AGREEMENT TO GROW FODDER IN SUMMER POORLY TIMED
Recent reports that 100 gigalitres of Murray-Darling Basin water will be released for growing fodder are welcome, but betray a serious problem with the lack of timeliness of our response to drought.
The 100GL has been forecast to grow only about 120,000 tonnes of fodder. This is way below par, in significant part because growing fodder crops in the warmer months requires so much more water for the same production.
Using the sort of fast-growing annual legumes that we specialise in breeding, that amount of water used across the autumn/winter/spring period, even with no additional rainfall, could be expected to grow at least three times as much fodder.
Furthermore, by far the best time to grow fodder is before it is needed, not after.
Then, even if that fodder is not immediately required to keep breeding stock alive, the excess can be used to grow and fatten stock for market.
In summary and in contrast to the present reactive approach, policy-makers and industry need to be proactive in addressing the issues of drought, which whether or not there is any climate change link, appears to be an increasing challenge to our agriculture.
In that light, would it be too much to expect to see at least some water in future years being allocated to growing such fodder crops during the cooler months, instead of only reacting to the fodder shortage after it is all too late?
Pristine Forage Technologies, Edwardstown.
CRIMINALS, NOT OWNERS, RESPONSIBLE FOR THEFT
After reading Tom Marland's viewpoint ('Climate change does not create bushfires', Stock Journal, November 14), I was concerned by one of the comments made.
While I agree with his point regarding climate change, I certainly would not agree with the point he makes about how if you leave your front door unlocked, you cannot complain too loudly when someone steals your television.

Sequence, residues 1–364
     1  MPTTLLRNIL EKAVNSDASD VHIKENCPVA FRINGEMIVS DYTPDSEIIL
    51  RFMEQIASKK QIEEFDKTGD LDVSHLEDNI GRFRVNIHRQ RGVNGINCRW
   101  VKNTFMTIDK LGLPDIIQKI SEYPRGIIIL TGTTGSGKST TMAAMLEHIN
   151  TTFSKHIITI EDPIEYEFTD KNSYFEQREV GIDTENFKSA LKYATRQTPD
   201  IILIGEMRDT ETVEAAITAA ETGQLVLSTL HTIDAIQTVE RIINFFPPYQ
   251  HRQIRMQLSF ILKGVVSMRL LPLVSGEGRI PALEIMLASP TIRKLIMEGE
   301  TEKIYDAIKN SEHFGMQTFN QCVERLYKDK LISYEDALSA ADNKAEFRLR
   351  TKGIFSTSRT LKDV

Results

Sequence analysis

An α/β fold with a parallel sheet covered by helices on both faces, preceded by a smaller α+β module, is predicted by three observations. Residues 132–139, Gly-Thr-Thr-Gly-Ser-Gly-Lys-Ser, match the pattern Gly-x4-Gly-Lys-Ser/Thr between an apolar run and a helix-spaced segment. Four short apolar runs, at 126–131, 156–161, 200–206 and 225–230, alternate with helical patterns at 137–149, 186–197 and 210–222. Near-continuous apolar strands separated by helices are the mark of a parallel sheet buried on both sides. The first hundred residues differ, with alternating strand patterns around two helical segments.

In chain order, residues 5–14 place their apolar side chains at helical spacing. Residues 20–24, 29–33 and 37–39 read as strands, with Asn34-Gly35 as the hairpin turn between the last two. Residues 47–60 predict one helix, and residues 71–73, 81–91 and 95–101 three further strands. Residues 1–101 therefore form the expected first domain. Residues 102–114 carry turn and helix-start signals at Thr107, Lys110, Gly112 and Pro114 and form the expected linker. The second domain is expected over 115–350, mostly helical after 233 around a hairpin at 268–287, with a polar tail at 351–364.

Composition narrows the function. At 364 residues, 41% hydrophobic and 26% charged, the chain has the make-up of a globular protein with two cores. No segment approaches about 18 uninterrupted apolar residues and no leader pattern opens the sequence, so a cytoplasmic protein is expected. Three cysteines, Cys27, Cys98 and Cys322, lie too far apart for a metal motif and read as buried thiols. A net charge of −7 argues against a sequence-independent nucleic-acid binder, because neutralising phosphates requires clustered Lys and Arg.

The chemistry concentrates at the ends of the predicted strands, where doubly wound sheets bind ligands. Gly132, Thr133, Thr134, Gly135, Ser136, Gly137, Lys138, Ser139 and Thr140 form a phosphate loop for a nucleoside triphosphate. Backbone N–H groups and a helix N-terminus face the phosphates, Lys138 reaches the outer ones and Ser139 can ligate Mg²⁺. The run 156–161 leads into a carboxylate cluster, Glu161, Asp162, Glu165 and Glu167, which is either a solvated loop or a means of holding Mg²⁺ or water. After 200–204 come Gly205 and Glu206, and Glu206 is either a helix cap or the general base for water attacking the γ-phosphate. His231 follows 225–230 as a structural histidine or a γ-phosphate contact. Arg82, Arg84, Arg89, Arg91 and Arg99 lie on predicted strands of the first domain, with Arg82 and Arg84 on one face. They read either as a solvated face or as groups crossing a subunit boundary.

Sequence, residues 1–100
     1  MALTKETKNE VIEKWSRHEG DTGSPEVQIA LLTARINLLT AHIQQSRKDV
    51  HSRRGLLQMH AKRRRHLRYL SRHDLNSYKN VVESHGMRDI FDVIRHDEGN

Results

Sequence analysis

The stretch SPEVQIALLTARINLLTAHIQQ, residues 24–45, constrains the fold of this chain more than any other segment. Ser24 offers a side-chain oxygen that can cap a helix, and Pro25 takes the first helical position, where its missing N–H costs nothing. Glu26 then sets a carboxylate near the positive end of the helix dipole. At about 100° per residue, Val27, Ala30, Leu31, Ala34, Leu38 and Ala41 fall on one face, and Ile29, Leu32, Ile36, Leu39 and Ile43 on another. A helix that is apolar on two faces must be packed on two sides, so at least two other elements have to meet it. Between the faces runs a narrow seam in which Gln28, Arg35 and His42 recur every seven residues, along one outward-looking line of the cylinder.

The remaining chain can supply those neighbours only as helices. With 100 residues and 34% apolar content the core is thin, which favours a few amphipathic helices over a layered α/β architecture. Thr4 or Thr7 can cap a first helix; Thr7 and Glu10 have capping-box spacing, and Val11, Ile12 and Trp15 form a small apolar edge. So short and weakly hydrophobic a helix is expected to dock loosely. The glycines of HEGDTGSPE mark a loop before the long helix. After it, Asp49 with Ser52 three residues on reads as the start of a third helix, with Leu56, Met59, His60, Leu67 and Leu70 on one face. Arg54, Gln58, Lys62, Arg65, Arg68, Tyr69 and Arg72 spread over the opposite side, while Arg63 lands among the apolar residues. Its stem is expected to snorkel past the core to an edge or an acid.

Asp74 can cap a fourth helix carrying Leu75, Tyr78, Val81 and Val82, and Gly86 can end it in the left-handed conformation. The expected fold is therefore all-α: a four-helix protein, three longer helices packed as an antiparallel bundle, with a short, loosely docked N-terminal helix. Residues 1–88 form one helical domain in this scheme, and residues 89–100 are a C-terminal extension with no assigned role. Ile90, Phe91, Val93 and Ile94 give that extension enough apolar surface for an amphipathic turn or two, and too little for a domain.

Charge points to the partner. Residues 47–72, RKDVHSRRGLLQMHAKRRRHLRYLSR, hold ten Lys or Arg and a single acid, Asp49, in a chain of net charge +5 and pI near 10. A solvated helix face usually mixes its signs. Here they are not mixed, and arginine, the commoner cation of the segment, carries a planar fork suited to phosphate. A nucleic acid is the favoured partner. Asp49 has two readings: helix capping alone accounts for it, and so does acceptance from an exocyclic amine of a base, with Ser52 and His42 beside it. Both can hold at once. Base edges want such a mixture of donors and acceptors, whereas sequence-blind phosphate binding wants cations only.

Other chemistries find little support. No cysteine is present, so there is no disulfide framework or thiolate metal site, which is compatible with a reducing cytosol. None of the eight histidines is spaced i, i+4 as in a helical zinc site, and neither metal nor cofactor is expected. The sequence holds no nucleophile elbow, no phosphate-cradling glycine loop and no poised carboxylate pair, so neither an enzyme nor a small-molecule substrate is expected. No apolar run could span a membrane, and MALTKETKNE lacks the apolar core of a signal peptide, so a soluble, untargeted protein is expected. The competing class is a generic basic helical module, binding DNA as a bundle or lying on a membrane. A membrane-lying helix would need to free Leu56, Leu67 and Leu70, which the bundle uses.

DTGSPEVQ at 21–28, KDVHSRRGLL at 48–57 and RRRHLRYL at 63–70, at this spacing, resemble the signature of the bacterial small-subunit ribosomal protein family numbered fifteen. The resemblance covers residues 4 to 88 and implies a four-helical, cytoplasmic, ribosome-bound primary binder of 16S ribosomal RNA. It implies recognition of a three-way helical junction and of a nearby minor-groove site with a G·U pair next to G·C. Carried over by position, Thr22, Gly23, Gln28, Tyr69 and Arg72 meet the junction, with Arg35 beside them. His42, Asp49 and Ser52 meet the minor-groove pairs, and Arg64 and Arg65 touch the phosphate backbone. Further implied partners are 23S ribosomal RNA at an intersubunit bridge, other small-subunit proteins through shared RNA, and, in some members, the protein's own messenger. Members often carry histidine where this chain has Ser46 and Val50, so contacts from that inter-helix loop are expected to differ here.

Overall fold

Having been in the livestock industry for 50 years, and having seen the producer robbed of his stock, does this mean if the producer does not lock every gate on his or her property, and someone steals 10 or 15 lambs, or 10 or a dozen cattle, they should not complain too loudly?
Does this mean that if the perpetrator is caught and the matter goes to court, the thief will get a lesser sentence if the gate is not locked?
In the case of a homeowner, would the same result apply if a door happens to be left unlocked?
Does this mean that if I am working in my backyard and a thief comes through the front door, or if I am working in the front yard and the thief comes through the back door, I should not complain?
Is the thought that every time I go out of my house, I have to lock all doors?
I believe I have every cause to complain bitterly if someone enters my house without invitation, and that person should be held accountable to the fullest extent of the law.
LANDMARK BRAND GONE IN YET ANOTHER NAME CHANGE
They say the golden rule is that he who has the gold makes the rules.
After having more company name changes than Elizabeth Taylor since I joined SA Farmers Union in 1966, I see that the company I left in 2009, Landmark Rural, commonly referred to as Landmark, will no longer exist.
The North American owners want their shareholders to know of their Australian operations, meaning that their Australian clients have to learn a new name for who they do business with.
- Start the day with all the big news in agriculture. Click here to sign up to receive our daily Stock Journal newsletter.